"It's up in the air because it hasn't been written," Corman said.
(September 22, 2009) - Leaders from the state’s arts and cultural organizations today requested a meeting with Gov. Ed Rendell and key state legislators in response to the shocking plan to address the Commonwealth’s budget woes with a new amusement tax on nonprofit arts and cultural event tickets.
“We never saw this coming,” said Peggy Amsterdam, President of the Greater Philadelphia Cultural Alliance. “No one could have anticipated that one of the most vital yet vulnerable sectors would become the target of a tax that puts all arts and cultural organizations at a great competitive disadvantage.”
Laura Foster, Executive Director of Please Touch Museum, said the additional tax will make arts and culture even less affordable for the diverse audiences museums seek to serve. “In these tough times, even a small increase in a ticket price can be the deciding factor for a family of four looking to spend an afternoon at Please Touch or the Philadelphia Zoo or at any number of museums that serve families,” Foster said. “We have developed many access programs so that families of varying means can visit, and we want to make sure Please Touch Museum continues to be accessible to all families.”
(September 21, 2009) - The leader of the Philadelphia Cultural Alliance rallied her troops last night as 700 arts leaders gathered for the city’s annual cultural summit, calling for state leaders to tax sports teams and movie theaters the same as museums and concerts.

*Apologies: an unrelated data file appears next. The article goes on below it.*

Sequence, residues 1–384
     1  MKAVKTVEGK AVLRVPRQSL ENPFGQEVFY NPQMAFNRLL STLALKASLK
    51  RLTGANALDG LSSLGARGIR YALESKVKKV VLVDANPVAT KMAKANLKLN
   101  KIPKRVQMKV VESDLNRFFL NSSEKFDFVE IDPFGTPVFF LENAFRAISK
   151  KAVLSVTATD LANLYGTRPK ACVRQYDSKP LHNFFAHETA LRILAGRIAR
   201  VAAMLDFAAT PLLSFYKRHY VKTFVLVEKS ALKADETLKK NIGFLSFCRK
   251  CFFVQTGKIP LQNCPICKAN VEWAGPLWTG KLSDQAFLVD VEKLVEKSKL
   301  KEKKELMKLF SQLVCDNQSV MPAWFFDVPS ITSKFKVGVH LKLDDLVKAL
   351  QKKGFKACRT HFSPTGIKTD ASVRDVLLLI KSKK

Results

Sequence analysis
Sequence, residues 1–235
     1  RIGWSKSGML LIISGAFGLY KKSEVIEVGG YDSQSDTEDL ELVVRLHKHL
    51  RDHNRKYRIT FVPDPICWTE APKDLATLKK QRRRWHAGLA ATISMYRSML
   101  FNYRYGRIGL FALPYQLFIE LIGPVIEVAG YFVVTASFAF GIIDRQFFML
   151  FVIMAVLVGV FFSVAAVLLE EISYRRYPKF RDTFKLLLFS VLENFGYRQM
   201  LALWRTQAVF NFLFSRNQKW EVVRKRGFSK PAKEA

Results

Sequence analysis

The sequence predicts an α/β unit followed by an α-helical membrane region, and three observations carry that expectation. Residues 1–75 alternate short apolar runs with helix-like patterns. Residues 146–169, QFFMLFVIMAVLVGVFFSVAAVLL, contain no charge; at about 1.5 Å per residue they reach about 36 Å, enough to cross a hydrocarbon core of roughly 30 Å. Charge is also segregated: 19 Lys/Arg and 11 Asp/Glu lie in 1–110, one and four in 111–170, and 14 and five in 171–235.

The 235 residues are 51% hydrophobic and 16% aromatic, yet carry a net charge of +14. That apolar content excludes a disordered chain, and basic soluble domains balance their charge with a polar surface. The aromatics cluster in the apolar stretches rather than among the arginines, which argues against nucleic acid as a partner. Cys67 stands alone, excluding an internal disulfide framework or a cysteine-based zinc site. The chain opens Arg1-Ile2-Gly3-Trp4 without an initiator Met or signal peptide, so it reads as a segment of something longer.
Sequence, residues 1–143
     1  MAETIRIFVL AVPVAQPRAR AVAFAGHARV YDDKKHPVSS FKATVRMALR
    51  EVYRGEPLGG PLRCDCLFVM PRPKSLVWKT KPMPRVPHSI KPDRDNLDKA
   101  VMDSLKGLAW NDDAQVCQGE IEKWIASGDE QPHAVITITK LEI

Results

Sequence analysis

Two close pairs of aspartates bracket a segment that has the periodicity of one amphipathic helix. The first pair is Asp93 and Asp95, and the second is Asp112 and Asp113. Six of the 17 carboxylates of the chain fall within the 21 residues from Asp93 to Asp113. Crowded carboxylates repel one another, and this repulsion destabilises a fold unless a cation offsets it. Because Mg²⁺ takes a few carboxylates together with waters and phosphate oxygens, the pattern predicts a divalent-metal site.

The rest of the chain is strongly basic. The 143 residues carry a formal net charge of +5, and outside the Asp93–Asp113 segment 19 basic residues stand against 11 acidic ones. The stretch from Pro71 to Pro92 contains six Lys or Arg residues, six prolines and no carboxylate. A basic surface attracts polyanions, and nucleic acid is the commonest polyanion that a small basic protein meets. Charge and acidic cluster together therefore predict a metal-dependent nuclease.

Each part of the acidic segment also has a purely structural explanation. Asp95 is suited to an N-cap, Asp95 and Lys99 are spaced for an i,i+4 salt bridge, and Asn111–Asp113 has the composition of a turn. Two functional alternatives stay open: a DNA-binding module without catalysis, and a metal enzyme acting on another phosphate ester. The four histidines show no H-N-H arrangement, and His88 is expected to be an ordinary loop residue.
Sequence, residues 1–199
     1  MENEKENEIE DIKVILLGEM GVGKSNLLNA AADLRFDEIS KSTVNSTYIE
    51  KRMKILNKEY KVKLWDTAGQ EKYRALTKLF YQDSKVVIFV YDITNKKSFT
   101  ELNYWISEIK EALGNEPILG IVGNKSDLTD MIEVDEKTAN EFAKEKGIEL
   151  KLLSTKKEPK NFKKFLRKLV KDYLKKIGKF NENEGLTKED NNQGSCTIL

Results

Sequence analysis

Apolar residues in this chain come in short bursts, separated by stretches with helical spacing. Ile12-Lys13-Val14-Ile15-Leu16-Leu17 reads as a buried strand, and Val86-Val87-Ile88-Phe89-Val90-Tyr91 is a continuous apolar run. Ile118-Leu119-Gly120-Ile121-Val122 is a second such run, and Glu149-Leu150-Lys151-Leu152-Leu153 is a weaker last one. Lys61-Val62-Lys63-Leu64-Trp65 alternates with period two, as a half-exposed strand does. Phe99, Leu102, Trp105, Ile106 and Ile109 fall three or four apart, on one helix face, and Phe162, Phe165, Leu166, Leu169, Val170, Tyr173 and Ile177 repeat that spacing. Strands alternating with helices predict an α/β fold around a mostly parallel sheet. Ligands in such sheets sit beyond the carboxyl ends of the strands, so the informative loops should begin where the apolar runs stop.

Alliance Executive Director Peggy Amsterdam said the proposed “amusement tax” that state officials estimate will raise $100 million this fiscal year through a 6 to 8 percent sales tax on previously exempt arts nonprofits could lead to an erosion of attendance.
“We work on a very thin margin,” Amsterdam said. “We also want to know why tickets to sporting events or movies aren’t being taxed. Why are we being singled out.”
(September 21, 2009) - Some 700 arts-and-cultural leaders in Philadelphia plan to gather Monday night to discuss how to fight a new state amusement tax.
At issue is a ... tax on box-office revenue that was part of a budget deal reached over the weekend, according to the Greater Philadelphia Cultural Alliance, which has 375 member organizations.